Early in his stay, he went on a mission to procure fresh fish, a surprisingly rare luxury here. He was driven to a house somewhere in Havana — no idea where, he said — and was told to wait in the car. “It was like we were buying weapons,” Mr. Valle said. “Unbelievable.”

On the other hand, the New Yorkers were thrilled by the organic farms scattered around the capital. On a trip to buy supplies on Monday, Marco Canora, owner of the East Village restaurant Hearth, and Mr. Valle chewed on moringa leaves at an organic farm in Alamar, on the outskirts of Havana, and admired a trough seething with Californian red worms, which are used to produce compost. Ms. Lo said it was a question of adapting to what was available.

“People in New York are used to all their tomatoes being the same size with little stickers on them,” Ms. Lo said. “There’s totally food here. There’s just a little more dirt on the roots.”

As the week wore on, the talk turned to future collaboration. Elizabeth Grady, who curated the installation, plans to compile a bilingual book with a recipe from each chef involved.

Enrique Núñez, owner of La Guarida, who spent much of the week buying produce and planning menus with Doug Rodríguez, an American chef of Cuban descent, said the two had planned for Mr. Núñez to go to Mr. Rodríguez’s restaurant Alma de Cuba, in Philadelphia, for a similar exchange.

“This has been one of the most incredible experiences I have ever had with a chef,” Mr. Núñez said of Mr. Rodríguez. “It’s like we’ve known each other for years.”

As for Mr. Coffland, he came away not only with a nice shirt but also with some optimism that the exchange would help bring Cubans and Americans closer.

“It’s the small actions that sometimes have a huge impact,” he said. “That’s what builds ties between countries.”

The Avocados of Today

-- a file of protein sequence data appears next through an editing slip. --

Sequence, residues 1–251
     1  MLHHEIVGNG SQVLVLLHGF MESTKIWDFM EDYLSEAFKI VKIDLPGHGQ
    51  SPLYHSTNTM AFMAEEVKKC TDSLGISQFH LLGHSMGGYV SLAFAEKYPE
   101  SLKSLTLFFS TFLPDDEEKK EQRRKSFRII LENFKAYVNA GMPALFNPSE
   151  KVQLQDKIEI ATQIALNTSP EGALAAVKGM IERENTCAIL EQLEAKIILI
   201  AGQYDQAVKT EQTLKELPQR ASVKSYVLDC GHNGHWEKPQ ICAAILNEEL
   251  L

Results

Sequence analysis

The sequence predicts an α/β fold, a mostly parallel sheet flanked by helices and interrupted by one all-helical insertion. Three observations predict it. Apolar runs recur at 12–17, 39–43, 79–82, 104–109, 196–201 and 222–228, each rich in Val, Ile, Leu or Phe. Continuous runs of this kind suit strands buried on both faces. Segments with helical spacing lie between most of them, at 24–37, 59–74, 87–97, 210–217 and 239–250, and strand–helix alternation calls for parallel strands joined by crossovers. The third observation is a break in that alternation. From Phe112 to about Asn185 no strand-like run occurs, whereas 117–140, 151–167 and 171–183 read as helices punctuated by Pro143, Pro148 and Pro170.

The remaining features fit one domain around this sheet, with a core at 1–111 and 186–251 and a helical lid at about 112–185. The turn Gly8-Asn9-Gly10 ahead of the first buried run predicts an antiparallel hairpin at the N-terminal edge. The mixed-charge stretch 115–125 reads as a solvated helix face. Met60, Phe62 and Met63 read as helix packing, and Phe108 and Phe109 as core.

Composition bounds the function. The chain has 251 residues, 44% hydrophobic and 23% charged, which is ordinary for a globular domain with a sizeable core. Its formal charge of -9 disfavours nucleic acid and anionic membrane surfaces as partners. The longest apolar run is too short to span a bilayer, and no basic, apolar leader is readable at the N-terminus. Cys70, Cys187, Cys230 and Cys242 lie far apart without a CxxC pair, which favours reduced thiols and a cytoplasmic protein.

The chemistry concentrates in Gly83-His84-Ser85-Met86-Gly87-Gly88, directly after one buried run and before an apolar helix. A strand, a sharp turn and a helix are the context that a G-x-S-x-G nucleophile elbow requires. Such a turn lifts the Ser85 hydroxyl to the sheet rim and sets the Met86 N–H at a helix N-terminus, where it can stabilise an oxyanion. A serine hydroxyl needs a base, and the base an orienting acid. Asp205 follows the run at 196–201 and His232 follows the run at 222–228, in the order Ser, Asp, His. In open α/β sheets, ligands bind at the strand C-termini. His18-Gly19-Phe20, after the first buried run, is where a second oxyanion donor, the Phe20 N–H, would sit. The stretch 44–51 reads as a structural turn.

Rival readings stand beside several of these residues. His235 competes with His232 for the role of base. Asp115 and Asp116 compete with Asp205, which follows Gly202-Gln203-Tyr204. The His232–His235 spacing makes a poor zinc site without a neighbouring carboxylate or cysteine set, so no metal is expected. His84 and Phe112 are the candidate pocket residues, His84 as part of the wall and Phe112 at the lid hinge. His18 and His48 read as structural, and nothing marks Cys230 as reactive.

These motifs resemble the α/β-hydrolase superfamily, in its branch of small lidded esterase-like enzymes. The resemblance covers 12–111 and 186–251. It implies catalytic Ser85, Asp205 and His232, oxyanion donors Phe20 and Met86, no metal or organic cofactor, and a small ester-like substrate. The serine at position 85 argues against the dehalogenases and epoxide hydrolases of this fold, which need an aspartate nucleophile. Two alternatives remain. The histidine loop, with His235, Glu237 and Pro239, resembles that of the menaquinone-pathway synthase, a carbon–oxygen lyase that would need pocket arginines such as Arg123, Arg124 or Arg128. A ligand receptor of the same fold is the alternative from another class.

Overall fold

In Architecture, Cuba, Cuba/US, Design, Education, History, Human Rights/Derechos Humanos, Occupy Wall Street, Politics, Social Justice, US on November 22, 2011 at 9:59 am

Margarita Alarcón Perea

Avocados are a delicious and nutritious food, commonly consumed in Latin America and the rest of the world. For some it is a vegetable and for others a fruit. Because of this particular characteristic, for some Cubans when an individual or a specific thing doesn’t quite fit into a certain genre it is also known as an “avocado”. This is my case. I belong to a particular group of people known as “avocados”, we belong neither here nor there but somehow we manage to co-exist.

When I was contemplating higher education I filled out a form customary in those years for high school graduates in Cuba, whereby we would jot down in order of preference what it was that we hoping   to matriculate in college. On my list of 10 possible aspirations, I wrote down, industrial design, architecture, law, medicine, biology and another five I really don’t remember now. After a lot of time spent in the University (Cuba, East Germany, Cuba, and more Cuba) I finally graduated ten years later as an English major. Language majors or philologists in any language are what are known as an “avocado” by my peers.   Our greatest weakness becomes in the end our greatest strength; we know a bit about everything and not all that much about any one topic in particular, but we can function in practically any field of the working world.